The integ­ra­tion of the emer­gency stop func­tions between machines must be determ­ined by the risk assess­ment of the integ­rated line. The need to inter­con­nect the emer­gency stop func­tions must be care­fully con­sidered. Prob­lems can be cre­ated in restart­ing the machines if bi-dir­ec­tion­al emer­gency stop integ­ra­tion is done, since a race con­di­tion can be cre­ated, pre­vent­ing the reset of the emer­gency stop func­tions on one or both machines.

Restarting

NOTE A safety-related stop func­tion can cause oper­a­tion­al prob­lems and a dif­fi­cult restart, e.g. in an arc weld­ing applic­a­tion. To reduce the tempta­tion to defeat this stop func­tion, it can be pre­ceded with a stop for oper­a­tion­al reas­ons to final­ize the actu­al oper­a­tion and pre­pare for an easy and quick restart from the stop pos­i­tion (e.g. without any dam­age of the pro­duc­tion). One solu­tion is the use of inter­lock­ing device with guard lock­ing where the guard lock­ing is released when the cycle has reached a defined pos­i­tion where the easy restart is possible.

The NOTE in [1, 5.2.1] does not include require­ments, because notes in stand­ards are inform­at­ive, not norm­at­ive. Thus, you won’t see the word “shall” used in a Note. If you want to learn more about read­ing stand­ards, check out the course I’m teach­ing.

The NOTE dis­cusses dif­fi­cult restart con­di­tions that can occur from a safety-related stop. In the case dis­cussed, a robot­ic weld­ing sys­tem can end up stuck to the work if the inter­locked guard is opened while the weld­ing is in pro­gress. Sim­il­ar prob­lems can occur in oth­er con­tinu­ous flow pro­cesses, like paint­ing or adhes­ive applic­a­tion. Two pos­sible solu­tions are offered,

  1. Integ­rate a fast pro­cess stop to bring the machine into a state where restart­ing will be eas­ily pos­sible, or 
  2. Use a guard lock­ing func­tion to keep the guard­ing closed until the cycle can be grace­fully stopped. Guard lock­ing sys­tems typ­ic­ally use a “request to enter” but­ton at the entry point. Press­ing the but­ton ini­ti­ates a cycle stop. When the machine cycle is stopped, the guard lock is released, allow­ing the guard to be opened which also opens the inter­lock. The inter­lock will ensure that the machine can­not be restar­ted until the guard is closed again. Clos­ing the guard or restart­ing the cycle will lock the guard shut again.

Emergency stop function

The emer­gency stop func­tion is com­plex enough that it war­rants a stand­ard of its own, ISO 13850 [6]. Since I can­’t repro­duce that stand­ard here, I’m going to recom­mend that you obtain a copy for your­self, how­ever, I can offer the defin­i­tion and a bit of explanation.

3.1
emer­gency stop (E‑stop)
emer­gency stop function
func­tion which is inten­ded to 
  • avert arising or reduce exist­ing haz­ards to per­sons, dam­age to machinery or to work in pro­gress, and
  • be ini­ti­ated by a single human action
[SOURCE: ISO 12100:2010, 3.40]

Emer­gency stop func­tions are MANUALLY INITIATED, i.e., a but­ton or anoth­er device needs to be activ­ated to ini­ti­ate the stop. At the point where the emer­gency stop is activ­ated the machine is either already broken, or a per­son is already hurt. The next step is often to call 911 or 112 to get emer­gency help.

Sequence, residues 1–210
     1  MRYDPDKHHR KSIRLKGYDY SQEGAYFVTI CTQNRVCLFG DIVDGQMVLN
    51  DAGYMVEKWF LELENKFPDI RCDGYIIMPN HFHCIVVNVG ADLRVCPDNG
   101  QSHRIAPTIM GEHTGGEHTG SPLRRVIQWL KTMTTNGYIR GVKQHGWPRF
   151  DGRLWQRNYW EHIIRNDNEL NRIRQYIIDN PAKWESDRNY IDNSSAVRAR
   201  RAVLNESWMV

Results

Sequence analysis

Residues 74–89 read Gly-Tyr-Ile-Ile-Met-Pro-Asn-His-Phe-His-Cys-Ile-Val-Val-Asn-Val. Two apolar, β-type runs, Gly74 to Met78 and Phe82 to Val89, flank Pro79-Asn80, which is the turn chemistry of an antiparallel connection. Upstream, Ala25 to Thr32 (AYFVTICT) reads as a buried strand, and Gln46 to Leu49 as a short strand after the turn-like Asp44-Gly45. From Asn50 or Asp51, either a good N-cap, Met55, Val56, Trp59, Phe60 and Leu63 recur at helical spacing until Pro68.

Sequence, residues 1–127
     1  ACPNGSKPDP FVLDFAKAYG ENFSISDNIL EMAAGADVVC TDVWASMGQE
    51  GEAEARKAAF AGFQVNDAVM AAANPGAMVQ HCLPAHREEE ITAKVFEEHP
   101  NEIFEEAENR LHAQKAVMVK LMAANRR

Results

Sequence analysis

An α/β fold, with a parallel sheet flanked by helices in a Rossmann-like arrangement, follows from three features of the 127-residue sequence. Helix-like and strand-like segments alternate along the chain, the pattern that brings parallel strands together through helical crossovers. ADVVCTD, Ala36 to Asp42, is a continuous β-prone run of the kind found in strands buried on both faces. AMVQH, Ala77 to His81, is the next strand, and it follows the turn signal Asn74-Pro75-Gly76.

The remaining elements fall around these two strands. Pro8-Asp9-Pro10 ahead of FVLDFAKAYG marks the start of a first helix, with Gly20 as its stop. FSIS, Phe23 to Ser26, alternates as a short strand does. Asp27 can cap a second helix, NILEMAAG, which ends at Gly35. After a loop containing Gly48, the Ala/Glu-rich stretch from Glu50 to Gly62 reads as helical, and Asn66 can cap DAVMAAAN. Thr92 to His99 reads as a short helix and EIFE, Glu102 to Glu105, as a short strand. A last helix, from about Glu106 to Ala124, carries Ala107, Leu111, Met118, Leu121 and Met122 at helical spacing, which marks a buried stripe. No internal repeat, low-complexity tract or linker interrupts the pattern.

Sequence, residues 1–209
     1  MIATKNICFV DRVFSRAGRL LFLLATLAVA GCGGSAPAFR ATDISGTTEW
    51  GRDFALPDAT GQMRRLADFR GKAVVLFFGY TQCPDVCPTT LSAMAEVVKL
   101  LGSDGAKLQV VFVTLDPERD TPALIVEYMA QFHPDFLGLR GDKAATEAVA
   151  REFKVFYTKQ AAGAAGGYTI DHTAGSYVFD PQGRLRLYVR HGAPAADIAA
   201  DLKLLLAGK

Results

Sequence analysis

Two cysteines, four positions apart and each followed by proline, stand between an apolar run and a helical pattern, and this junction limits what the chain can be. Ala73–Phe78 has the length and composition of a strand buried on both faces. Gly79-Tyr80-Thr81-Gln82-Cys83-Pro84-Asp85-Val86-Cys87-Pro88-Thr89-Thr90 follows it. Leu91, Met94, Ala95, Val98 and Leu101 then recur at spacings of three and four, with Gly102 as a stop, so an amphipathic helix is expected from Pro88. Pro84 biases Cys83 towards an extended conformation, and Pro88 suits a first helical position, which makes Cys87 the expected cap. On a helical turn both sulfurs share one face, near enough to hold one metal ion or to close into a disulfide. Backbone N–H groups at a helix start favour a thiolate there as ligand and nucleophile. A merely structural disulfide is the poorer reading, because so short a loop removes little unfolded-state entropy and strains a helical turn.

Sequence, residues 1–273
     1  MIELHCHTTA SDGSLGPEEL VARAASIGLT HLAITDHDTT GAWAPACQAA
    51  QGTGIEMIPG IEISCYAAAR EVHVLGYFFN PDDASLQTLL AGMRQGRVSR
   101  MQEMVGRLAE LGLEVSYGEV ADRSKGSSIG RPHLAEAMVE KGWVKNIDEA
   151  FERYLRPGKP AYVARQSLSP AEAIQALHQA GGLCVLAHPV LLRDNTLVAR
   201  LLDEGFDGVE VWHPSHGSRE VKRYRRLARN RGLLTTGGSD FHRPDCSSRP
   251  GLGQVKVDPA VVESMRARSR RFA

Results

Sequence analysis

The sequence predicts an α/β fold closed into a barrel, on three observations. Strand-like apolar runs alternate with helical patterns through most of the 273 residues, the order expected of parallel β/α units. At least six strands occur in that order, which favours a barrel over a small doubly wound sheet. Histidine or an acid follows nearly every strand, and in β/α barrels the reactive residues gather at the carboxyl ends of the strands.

This is dif­fer­ent from a guard inter­lock or oth­er auto­mat­ic safety stop func­tion which ini­ti­ates the stop BEFORE a per­son can be harmed. Inter­locked guards and pres­ence-sens­ing safe­guard­ing devices like light cur­tains and scan­ners are designed into applic­a­tions where they are loc­ated in a way that provides enough time for the machine to safely stop when a per­son is detec­ted, pre­vent­ing any injur­ies from occurring.

In the same way, an over-speed detec­tion sys­tem will activ­ate auto­mat­ic­ally when an over-speed con­di­tion is detec­ted, invok­ing a safety-related stop func­tion to bring the machine to a safe stand­still condition.

There is much more to know about emer­gency stop func­tions, so if you’re inter­ested, check out my series on the top­ic.


References

[1] Safety of machinery — Safety-related parts of con­trol sys­tems — Part 1: Gen­er­al prin­ciples for design, ISO 13849 – 1. Inter­na­tion­al Organ­iz­a­tion for Stand­ard­iz­a­tion (ISO), Geneva. 2015.

[2] Safety of machinery — Safety-related parts of con­trol sys­tems — Part 2: Val­id­a­tion, ISO 13849 – 2. Inter­na­tion­al Organ­iz­a­tion for Stand­ard­iz­a­tion (ISO), Geneva. 2012.

[3] Safety of machinery – Elec­tric­al equip­ment of machines – Part 1: Gen­er­al require­ments, IEC 60204 – 1. Inter­na­tion­al Elec­tro­tech­nic­al Com­mis­sion (IEC), Geneva. 2018.

[4] Safety of machinery — Inter­lock­ing devices asso­ci­ated with guards — Prin­ciples for design and selec­tion, ISO 14119. Inter­na­tion­al Organ­iz­a­tion for Stand­ard­iz­a­tion (ISO), Geneva. 2013.

[5] Safety of machinery? — ?Pos­i­tion­ing of safe­guards with respect to the approach speeds of parts of the human body, ISO 13855. Inter­na­tion­al Organ­iz­a­tion for Stand­ard­iz­a­tion (ISO), Geneva. 2010.

[6] Safety of machinery — Emer­gency stop — Prin­ciples for design, ISO 13850. Inter­na­tion­al Organ­iz­a­tion for Stand­ard­iz­a­tion (ISO), Geneva. 2015.

Series Nav­ig­a­tionUnder­stand­ing safety func­tions: Manu­al Reset